chicken tractor update

It’s coming along! I’ve been working at it quite a lot this past week and my dad has been a huge help to me helping me decipher directions, lending me tools, shopping for materials and working on the project right there with me! I am a lucky daughter indeed. I’m very much hoping to have the chicken tractor finished up before the end of the week so that the girls (hoping girls… still not completely convinced my golden laced Wyandotte isn’t a roo…) can start enjoying the great outdoors since the weather has been so nice! I can tell you one thing, I’ve become much more comfortable over these last couple months using power tools than I ever thought I would be!

more woodwork / nervous beekeeper / garden update

Whew, things have certainly been keeping me busy lately! For a few quick updates, inspected my hive for week 2. All went well, and the queen has gotten out of her cage, but I got a bit nervous and didn’t check all of the frames remaining. Not the end of the world the bees still are fed, and healthy, I just want to make sure that the queen is laying. I am so excited about my bees and love this new hobby that I am taking up, but there must be some kind of deep laying, internal response to the hum of bees growing louder and having them fly around you, that makes a person slightly nervous. This is something that I expect I’ll become more accustomed to over time. It’s just such a new experience there is sure to be a learning curve.

Moving on to my birds- wow they appear to be growing at an exponential rate! So fast in fact, that I’d better get moving on their outside home as they will soon outgrow their cardboard box. Probably the most expensive part of owning a chicken is figuring out their housing. At my new house, I am lucky that there is a large coop already built, however it’s been out of use for probably 25 years, is filled with equipment (as it was used as a shed in that time) and will definitely need some TLC (and cash) before I can turn it into the coop that I want. So in the meantime, and since I have only 3 chickens at the moment, I am attempting (with some help from my dad) to save some money and construct my own movable chicken tractor. I’ll be using the design plans from Ashley English’s ‘Keeping Chickens’ book (love her book and blog!). So dad and I have started out by framing the run of the coop. Just a start but exciting nonetheless. What do you think?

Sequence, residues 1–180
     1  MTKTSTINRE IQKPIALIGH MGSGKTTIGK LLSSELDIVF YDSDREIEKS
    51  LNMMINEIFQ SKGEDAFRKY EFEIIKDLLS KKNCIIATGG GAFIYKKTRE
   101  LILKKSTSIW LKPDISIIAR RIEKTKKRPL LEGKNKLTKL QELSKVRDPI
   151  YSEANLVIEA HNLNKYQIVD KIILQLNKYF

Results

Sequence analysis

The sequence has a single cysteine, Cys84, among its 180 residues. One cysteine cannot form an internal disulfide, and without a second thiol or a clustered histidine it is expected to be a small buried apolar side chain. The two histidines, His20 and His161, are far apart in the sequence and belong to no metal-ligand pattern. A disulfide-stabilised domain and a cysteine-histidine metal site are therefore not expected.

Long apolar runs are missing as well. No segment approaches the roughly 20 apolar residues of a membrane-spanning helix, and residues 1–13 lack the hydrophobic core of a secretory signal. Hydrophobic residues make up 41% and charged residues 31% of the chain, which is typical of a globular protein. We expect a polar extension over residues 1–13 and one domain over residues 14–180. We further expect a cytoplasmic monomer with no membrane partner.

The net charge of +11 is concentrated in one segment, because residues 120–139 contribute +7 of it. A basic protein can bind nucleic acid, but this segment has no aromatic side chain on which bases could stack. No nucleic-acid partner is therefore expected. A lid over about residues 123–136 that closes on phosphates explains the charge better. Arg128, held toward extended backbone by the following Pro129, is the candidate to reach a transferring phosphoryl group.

As for the garden, I thought I had been doing so well in my planning this year, but as these things go life gets busy and plans inevitably fall a little behind schedule. My asparagus is up from last year, I was gifted some rhubard from my aunt which I’ve added to my garden, the peas, radishes and lettuce have begun to come up and I’ve been enjoying the spinach and lettuce that miraculously overwintered in New England without any help from the gardener!

bees!

My bee package has arrived!! Let the honey production begin! I picked up my bee package yesterday afternoon, which I must admit was FAR quieter than I expected. They were fairly silent in fact. With 3,000 bees I guess I was expecting some sort of pulse-raising humming going on. But it was cooler than it has been, and windy, and I think all the bees (including the 20 or so on the outside of the package for some reason) were all clinging together in a massive ball for dear life.

Well so began the rest of my action packed weekend. After picking up my bees, I drove the 2 hours up to my house (with the windows open the whole way I might add… didn’t want any of those bees on the outside to get too comfortable and start flying around my head while I was driving on the highway. Met my dad at my house and we got to work installing the electric fence netting that I had ordered from here (http://www.premier1supplies.com/) and got the hive prepared and set up. Sunday was the big install, which wasn’t nearly as frightening as I thought it might be. The bees were relatively calm and didn’t seem to mind me pouring them into their new hive. As extra bear protections, I also strapped down the hive so let’s hope Yogi keeps away!